Violence in Afghanistan has taken the lives of thousands of civilians and left families grieving across the country. As intra-Afghan talks between the Taliban and the government are ongoing, violence continues unabated, with over 5,900 dead or injured in the first nine months of 2020. The losses suffered by Afghans are immeasurable, psychologically traumatic, and emotionally painful.
The Afghan government has enacted victims’ assistance programs since 2004, which provide some financial assistance for deaths and injuries, irrespective of who caused them. Complementing the Afghan payment programs are two United States government programs – a USAID-funded project, known as Conflict Mitigation Assistance for Civilians (COMAC) and a US military ex-gratia payment program. NATO forces in Afghanistan adopted a similar ex-gratia program in 2010. While laudable, these programs are plagued by challenges that hinder the delivery of assistance to conflict victims.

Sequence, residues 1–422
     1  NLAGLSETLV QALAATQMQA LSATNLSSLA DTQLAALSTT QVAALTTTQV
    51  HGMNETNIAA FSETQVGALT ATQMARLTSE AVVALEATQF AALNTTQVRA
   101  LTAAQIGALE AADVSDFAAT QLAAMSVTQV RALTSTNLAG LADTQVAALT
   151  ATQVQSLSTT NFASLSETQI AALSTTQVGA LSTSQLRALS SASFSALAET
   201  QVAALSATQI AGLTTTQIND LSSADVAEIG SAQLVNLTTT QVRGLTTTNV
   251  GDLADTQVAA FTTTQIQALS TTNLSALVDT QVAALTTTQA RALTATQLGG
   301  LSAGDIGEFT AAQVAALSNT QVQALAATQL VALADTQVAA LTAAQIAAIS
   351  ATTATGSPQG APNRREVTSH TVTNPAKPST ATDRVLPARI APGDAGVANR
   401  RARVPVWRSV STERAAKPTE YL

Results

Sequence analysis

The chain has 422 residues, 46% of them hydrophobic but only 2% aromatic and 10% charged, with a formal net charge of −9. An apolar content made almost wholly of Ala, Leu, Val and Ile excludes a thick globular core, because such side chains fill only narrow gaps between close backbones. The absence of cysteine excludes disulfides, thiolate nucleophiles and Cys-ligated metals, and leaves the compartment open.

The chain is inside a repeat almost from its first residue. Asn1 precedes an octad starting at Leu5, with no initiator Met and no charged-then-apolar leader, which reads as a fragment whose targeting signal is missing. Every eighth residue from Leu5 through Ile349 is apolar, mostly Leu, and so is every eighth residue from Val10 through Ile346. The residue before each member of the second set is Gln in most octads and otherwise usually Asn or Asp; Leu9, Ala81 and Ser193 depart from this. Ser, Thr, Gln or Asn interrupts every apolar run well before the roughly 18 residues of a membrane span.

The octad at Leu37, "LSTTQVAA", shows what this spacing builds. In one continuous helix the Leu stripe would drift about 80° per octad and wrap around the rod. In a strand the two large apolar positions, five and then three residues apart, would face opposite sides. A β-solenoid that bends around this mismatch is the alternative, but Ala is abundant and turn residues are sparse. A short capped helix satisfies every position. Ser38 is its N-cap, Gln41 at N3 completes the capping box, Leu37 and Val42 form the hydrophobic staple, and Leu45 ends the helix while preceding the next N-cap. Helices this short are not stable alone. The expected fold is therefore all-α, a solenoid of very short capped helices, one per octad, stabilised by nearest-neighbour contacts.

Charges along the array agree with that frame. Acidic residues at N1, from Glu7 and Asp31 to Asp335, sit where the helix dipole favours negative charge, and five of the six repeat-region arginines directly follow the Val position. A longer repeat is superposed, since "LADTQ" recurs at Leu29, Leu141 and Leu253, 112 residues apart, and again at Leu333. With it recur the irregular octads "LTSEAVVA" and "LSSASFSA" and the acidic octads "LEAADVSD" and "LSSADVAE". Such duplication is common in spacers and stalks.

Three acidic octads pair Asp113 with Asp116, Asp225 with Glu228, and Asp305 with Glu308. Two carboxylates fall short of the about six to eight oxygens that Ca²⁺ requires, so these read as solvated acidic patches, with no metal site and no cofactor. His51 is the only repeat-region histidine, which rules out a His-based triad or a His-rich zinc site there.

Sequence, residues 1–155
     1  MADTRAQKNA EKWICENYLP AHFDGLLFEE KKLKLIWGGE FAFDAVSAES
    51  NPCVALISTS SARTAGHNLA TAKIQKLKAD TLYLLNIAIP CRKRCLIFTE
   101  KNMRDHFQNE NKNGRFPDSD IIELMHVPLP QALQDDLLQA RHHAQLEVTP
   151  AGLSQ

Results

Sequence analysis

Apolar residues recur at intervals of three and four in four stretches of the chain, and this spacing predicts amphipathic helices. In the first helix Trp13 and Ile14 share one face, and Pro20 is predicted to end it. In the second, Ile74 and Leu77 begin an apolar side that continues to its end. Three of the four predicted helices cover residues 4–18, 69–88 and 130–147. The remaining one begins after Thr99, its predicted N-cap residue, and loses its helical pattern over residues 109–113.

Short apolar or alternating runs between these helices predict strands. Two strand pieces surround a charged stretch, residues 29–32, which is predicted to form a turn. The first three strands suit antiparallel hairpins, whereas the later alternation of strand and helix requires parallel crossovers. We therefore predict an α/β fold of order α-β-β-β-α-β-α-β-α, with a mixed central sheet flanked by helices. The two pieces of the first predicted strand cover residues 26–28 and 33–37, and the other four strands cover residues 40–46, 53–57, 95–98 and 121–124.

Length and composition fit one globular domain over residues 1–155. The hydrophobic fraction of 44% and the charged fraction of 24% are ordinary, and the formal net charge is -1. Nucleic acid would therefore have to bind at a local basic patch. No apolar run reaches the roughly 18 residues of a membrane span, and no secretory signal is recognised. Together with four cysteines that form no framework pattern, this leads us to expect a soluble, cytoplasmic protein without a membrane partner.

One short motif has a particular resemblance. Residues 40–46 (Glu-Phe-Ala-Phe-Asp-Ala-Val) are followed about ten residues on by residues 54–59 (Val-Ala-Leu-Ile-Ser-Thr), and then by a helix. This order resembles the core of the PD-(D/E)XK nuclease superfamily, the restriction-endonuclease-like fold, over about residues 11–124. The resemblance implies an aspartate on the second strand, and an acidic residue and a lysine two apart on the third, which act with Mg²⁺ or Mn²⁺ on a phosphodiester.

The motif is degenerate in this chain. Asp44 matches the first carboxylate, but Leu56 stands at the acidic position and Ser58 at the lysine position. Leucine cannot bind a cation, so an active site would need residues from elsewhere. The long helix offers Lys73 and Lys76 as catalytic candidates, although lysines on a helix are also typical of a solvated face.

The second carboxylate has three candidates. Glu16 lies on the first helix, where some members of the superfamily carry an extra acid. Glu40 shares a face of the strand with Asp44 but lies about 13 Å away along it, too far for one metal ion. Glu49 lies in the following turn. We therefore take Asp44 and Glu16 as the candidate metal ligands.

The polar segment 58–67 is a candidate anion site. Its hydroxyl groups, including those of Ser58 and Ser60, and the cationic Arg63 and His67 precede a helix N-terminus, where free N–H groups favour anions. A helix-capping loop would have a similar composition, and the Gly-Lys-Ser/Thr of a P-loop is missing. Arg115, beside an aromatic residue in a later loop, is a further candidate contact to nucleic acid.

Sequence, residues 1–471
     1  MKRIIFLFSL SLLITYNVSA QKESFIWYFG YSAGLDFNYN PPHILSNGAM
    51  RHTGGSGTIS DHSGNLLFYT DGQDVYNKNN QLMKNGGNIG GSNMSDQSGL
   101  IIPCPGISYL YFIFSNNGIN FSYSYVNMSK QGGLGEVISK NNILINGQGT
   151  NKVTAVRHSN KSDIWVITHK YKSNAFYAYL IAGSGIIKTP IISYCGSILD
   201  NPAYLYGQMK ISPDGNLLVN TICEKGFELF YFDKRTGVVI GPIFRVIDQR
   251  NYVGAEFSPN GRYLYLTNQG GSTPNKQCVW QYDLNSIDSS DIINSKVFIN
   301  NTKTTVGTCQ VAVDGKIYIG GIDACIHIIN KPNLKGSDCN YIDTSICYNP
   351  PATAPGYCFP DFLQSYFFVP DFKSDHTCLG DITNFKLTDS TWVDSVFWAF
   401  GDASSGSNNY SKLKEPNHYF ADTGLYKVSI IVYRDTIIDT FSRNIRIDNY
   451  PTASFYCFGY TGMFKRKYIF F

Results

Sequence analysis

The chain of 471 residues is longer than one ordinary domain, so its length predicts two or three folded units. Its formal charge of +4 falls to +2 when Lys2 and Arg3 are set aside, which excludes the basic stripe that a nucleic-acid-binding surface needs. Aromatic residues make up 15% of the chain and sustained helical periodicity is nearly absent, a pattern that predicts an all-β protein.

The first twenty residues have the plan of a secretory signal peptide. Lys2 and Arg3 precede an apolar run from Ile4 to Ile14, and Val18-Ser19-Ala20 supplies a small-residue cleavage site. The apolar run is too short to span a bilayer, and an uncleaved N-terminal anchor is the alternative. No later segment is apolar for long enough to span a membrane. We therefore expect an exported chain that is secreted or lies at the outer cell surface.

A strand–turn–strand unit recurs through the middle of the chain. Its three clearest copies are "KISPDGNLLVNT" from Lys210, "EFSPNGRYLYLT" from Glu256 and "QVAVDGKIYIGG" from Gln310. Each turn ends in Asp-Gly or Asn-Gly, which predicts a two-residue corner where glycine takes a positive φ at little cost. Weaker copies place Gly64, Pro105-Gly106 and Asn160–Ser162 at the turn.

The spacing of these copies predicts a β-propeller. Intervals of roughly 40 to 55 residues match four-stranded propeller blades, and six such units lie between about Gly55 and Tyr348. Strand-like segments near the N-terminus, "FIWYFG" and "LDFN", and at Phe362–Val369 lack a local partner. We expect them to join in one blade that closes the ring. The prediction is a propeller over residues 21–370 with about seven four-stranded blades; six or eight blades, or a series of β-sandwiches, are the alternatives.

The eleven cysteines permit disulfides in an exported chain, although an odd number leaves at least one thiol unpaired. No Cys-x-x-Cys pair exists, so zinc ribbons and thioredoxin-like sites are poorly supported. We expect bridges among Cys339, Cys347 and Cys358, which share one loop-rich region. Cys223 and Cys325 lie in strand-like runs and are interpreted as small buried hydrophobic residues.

“Unacknowledged Harm: Hurdles to Receiving Victims’ Assistance in Afghanistan” evaluates the various victims’ assistance mechanisms from a civilian applicant’s perspective to understand the challenges they face in accessing these programs. The policy brief also looks at the progress made since the 2013 Center for Civilians in Conflict’s (CIVIC) report “Caring for their Own: A Stronger Afghan Response to Civilian Harm”. It assesses the implementation of recommendations to the Afghan government such as creating an Afghan Civilian Casualty Mitigation Team (CCMT), which would track and analyze civilian harm and verify claims for assistance; streamlining the application process and removing bureaucratic obstacles; making the payment programs more accessible for women; and enacting public awareness programs.